Somewhere, are large numbers of private bankers in search of a home.
Despite purporting to be hiring 600 private bankers between now and 2012, Credit Suisse's fourth quarter results suggest it was trimming in 2009: globally, it ended the year with 100 fewer relationship managers than it began; 60% of the reduction was in EMEA.
However, the outflow of private bankers from Credit Suisse was a trickle compared to the torrent from UBS. Between December 2008 and December 2009, UBS lost 1,054 client advisors - 25% of its total.
What's become of all these RMs? The star performers, who left voluntarily, have found alternative employment. Various UBS defectors have joined RBC Wealth Management, which hired a huge 500 people for its international business last year. Others have set up on their own. Still more have joined Barclays Wealth.
One London private banking headhunter says 'star performing' private bankers who can bring client assets will (unsurprisingly) always find new homes. "Selectively, most of the big private banks are hiring, but it's very geared towards the book of business an individual can bring," he says.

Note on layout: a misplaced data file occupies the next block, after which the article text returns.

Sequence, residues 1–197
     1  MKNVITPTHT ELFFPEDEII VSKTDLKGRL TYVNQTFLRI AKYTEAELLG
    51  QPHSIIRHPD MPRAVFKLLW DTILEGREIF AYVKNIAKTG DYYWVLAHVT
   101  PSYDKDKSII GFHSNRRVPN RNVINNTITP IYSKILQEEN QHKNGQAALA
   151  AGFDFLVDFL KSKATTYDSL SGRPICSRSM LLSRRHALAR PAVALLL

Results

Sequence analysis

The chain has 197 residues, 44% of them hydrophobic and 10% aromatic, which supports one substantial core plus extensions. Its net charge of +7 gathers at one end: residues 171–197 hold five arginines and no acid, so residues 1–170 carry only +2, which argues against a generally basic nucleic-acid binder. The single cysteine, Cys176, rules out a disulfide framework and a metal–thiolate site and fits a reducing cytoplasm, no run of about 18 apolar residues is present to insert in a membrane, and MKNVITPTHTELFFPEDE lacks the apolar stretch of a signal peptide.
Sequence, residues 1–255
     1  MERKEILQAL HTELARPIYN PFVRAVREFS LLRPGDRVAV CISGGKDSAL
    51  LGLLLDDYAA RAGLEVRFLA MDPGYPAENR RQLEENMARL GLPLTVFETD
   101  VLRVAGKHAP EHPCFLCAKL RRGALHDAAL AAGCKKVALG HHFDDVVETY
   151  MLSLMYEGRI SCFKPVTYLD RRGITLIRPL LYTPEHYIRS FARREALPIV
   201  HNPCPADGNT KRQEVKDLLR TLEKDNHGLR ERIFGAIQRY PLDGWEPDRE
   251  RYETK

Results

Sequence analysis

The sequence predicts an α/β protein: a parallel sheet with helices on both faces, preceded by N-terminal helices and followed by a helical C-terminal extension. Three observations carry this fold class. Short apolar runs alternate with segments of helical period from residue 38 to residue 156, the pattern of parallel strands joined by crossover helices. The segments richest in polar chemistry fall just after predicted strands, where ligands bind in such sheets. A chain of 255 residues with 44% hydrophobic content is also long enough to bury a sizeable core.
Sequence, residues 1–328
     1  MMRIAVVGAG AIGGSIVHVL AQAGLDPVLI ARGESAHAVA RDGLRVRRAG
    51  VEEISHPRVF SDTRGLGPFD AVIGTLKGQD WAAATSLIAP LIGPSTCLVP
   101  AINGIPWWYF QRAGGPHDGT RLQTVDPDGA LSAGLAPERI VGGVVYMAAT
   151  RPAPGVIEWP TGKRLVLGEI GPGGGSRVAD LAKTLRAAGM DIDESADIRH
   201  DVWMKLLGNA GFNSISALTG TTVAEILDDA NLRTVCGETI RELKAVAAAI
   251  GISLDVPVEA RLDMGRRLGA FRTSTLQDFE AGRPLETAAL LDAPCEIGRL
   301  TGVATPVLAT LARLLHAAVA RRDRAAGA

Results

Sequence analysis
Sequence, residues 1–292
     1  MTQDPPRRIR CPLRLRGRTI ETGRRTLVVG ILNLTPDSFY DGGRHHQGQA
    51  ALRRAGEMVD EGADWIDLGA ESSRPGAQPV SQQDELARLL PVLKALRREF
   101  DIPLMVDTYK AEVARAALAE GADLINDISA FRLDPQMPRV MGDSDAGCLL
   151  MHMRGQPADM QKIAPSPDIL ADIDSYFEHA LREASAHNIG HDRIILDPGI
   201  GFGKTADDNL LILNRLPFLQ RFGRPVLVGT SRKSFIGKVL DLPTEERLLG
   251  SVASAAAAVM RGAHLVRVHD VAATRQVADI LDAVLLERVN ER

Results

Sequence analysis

However, many of UBS's missing relationship managers weren't star performers: they left involuntarily as part of the bank's headcount cull. Their whereabouts is unknown.
The problem is, that even for stars bringing a book of business isn't easy. And for non-stars, particularly those who've been out of the industry for some time, it's likely to be impossible.
Although Oswald Gruebel this week blamed the UBS staff exodus for the bank's massive asset outflow in the fourth quarter, he also dispelled the notion that clients follow individuals: according to Gruebel only 30-40% of each employee's book left with them.
This is far lower than the 80% of client assets that headhunters say senior relationship managers like to claim they can bring to a new role.
"The value of hiring in private bankers is questionable," says Stephen Wall, a director at wealth management consultancy Scorpio Partnership. "If only 30-40% of assets move, it throws into doubt the recruitment strategy of the whole industry."